Science news article:
The article has not been peer reviewed, yet.
What they found was that an ancient transposition event of one ALU
transposon may have started the common ancestor of all apes down a path
to losing their tails.
They found that all the monkeys and apes that they looked at shared one
ALU insertion in the TBXT gene, and all apes had a second ALU transposon
in the gene. Together these two transposons cause miss splicing of the
TBXT gene so you get a shorter defective protein. Human genetic
diseases have been found to be due to transposons inserting into or
around genes. This ancient insertion messed up tail development. They
replicated the same mutation in mice and got messed up tail development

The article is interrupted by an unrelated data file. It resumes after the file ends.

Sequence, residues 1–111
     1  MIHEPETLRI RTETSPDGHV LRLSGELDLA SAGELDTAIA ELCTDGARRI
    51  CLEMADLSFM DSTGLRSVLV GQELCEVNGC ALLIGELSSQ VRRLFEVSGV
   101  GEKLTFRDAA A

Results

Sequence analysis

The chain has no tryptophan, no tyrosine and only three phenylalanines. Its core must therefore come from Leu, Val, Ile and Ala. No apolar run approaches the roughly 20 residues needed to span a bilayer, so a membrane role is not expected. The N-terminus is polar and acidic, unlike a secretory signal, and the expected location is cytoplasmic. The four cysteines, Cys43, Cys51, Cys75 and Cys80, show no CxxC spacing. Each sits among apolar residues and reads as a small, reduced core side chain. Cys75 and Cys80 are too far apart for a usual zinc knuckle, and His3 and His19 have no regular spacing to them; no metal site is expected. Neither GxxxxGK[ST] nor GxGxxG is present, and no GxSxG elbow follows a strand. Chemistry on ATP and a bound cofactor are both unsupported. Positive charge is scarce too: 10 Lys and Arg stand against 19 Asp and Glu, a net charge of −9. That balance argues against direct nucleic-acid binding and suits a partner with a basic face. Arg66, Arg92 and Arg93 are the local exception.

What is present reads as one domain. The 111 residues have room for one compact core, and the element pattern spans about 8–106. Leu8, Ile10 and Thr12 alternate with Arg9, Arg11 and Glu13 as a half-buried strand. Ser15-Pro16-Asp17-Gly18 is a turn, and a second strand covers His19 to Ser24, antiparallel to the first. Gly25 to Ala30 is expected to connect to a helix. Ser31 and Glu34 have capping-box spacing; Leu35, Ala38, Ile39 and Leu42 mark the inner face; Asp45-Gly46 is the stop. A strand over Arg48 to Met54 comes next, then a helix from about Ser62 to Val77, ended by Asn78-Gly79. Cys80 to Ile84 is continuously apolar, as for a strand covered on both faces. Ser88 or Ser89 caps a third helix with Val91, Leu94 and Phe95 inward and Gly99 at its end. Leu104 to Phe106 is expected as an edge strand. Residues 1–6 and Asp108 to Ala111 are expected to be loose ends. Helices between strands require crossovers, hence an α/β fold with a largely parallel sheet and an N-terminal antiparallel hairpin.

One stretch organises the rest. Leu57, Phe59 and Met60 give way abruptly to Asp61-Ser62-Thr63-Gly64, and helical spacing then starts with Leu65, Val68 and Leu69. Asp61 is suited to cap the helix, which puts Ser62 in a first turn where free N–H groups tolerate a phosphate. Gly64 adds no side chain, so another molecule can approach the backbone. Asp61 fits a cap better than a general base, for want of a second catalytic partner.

ranging from no tail to shorter tails in mice with the same missing part
of the TBXT protein.
So in the past there was a common ancestor of all extant apes that
suffered the insertion of an ALU transposon into the TBXT gene. It
messed up tail development, and we don't know why the messed up tail
trait was not selected against. It might have been due to drift or some
unknown selective advantage to not having a tail. As I stated before
ALU transposons are still causing trouble and messing up genes in our
current population. This is an example where the ALU mutation did
something that the animal may have found to be advantageous.
The paper doesn't mention it, but other monkeys have lost their tails.
Some Macaques and Mandrills. What would be interesting is that since
Monkeys seem to have the first insertion. The tailless monkeys may have
similar ALU insertions to the second insertion event found in apes. The
insertions don't even have to be in the exact same spot, just be in the
general area so that the aberrant splice junction can form between the
two ALU sequences and remove the exons to make the protein shorter.